Questions and Answers

Answers to questions about Christian Meditation that may be useful for members of the community.

Q&A Categories

The Christian Tradition of Prayer

1. What you are giving is from the oldest of Christian meditation tradition. We should call it old Christian meditation. The Catholic Church is an offspring of all meditation – Buddhist, Hindu and others. Is that correct?

Yes. As I said at the beginning, we find meditation in all the great religious traditions. This is God’s gift to humanity.

But if we are meditating in Christian faith, then we should learn from the specific Christian tradition, which is a historical tradition. It goes back to the words of Jesus, and we have the whole of the Christian mystical tradition to guide us. We should meditate supported by the sacraments and the other forms of Christian prayer. We should meditate with other Christians in our churches, in our communities.

So that’s what makes meditation Christian, but above all, what makes our meditation Christian is our faith in Christ. And if we are deeply rooted in that Christian identity of meditation, we will then be in a position to dialogue on equal terms with all the other traditions. I’ve been in dialogue with other religions for many years and, believe me, we have something very precious to share with them, and the more deeply contemplative we are, the more we have to share.

(Laurence Freeman OSB, Meditatio Talk Series 2013-C, Meditating as a Christian)

2. Do you describe the beatific vision in your meditation talks? That would save some questions about meditation.

We have to know what we mean by the vision of God. Thomas Aquinas says that the vision of God is not us all sitting in a theatre looking up at God sitting on the throne. He says that the vision of God is when we look at each other and we see God in each other.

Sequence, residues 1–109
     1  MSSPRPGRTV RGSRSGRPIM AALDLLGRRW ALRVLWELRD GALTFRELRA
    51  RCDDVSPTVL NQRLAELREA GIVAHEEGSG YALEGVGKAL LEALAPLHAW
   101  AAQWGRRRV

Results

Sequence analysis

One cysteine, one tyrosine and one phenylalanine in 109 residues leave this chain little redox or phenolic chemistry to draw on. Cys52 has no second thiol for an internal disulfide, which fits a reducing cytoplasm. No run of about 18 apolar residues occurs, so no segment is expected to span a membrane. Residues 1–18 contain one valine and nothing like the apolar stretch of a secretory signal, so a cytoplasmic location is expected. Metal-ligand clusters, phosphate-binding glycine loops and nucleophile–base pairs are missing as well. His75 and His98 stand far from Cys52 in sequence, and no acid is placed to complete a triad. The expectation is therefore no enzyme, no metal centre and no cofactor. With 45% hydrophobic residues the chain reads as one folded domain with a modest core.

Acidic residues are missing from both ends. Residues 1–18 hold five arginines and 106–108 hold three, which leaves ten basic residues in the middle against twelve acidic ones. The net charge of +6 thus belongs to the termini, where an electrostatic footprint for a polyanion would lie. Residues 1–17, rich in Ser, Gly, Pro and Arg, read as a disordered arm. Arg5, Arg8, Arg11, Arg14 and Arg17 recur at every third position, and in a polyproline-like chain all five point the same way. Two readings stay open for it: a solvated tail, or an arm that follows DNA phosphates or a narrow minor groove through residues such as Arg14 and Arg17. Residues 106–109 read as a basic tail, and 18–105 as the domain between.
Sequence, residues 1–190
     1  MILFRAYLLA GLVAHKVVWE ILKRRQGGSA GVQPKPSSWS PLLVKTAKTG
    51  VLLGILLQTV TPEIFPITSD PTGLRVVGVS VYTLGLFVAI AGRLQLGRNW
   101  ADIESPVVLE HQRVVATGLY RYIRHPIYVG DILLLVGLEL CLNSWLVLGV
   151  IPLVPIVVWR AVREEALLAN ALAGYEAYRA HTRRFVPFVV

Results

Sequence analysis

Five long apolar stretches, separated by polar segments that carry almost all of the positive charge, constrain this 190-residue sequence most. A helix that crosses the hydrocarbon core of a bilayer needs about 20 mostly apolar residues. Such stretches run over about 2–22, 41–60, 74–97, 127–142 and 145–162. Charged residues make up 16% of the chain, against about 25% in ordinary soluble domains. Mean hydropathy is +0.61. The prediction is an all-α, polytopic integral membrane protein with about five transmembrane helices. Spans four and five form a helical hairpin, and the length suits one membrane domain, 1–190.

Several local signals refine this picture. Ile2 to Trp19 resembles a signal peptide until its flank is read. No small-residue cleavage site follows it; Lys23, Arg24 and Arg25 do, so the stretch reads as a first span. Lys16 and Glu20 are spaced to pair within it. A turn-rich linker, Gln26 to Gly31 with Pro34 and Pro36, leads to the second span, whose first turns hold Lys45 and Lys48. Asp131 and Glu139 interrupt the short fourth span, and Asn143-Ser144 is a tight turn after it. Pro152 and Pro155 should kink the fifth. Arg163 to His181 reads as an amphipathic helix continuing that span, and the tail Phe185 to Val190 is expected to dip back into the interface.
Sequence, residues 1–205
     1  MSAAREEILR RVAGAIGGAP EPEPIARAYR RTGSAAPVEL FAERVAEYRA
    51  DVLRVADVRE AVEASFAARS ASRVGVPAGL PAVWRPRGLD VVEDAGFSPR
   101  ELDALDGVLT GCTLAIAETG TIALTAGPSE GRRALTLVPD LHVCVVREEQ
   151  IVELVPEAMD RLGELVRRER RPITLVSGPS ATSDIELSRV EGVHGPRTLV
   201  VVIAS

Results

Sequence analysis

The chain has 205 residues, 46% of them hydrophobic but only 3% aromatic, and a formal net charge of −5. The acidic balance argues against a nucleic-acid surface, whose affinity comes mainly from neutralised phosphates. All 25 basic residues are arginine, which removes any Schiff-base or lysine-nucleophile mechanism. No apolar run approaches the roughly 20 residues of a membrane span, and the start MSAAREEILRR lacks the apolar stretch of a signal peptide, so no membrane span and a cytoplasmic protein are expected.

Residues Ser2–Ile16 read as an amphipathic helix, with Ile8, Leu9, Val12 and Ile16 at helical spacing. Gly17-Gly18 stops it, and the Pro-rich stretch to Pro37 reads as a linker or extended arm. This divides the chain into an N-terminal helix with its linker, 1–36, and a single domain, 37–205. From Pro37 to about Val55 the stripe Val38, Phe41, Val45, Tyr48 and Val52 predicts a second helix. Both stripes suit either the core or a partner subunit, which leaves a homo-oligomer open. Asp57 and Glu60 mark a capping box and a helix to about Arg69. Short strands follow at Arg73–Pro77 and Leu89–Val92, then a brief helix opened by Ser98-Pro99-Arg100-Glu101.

When we see God in each other. If I see God in you, that makes me happy. When you see that I am happy, then you become happier. When I see that you are happier, I become even more happy. According to Aquinas, that is the beatific vision.

It is really the experience of love. Love is the vision of God. Pope Francis, I think, is emphasizing that experience of seeing God in our neighbour, especially in those who are needy and those who are poor. So that is the beatific vision really, and our meditation certainly prepares us more and more to experience that.

(Laurence Freeman OSB, Meditatio Talk Series 2013-C, Meditating as a Christian)

3. Is meditation also called Centering Prayer? How do they differ?

Centering Prayer is another school of Christian contemplative prayer which grew up in the 1970s, about the same time that John Main started to teach. There are many similarities and they certainly come out of this same root. The specific difference would be in the teaching on the word, how to say the word.

We would emphasize the tradition of the Desert Fathers, which is to say the word continuously. So that is an important specific difference, but again, it is simply an expression of the richness of Christian spirituality.

(Laurence Freeman OSB, Meditatio Talk Series 2013-C, Meditating as a Christian)

4. How can we integrate the Ignatian way of meditation into this universal way?

Well, the Ignatian form of prayer and spirituality is one of the many branches of the great tree of Christian spirituality. There are many schools of Christian spirituality – Dominican, Ignatian, Benedictine, Carmelite – many different branches, and all these branches do not compete with each other.

They are an expression of the richness of the Christian spirituality and the deep roots of the tree of Christian prayer in the prayer of Jesus. That is expressed in the diversity of Christian schools of prayer. So you can be an Ignatian – I have many Jesuit friends, I know many Jesuits who meditate in this way. So there is no inconsistency.

This way of meditation, as I’ve shared with you, is not really Benedictine or Jesuit or Carmelite or anything else. This is as basic as you can get. That is why we find the roots of it so early in the Christian Church, in the early monastic movement of the Desert Fathers and Mothers from the third to the fifth centuries. It is from there that this method is practised, is found, and it is consistent with all the other forms of spirituality.

(Laurence Freeman OSB, Meditatio Talk Series 2013-C, Meditating as a Christian)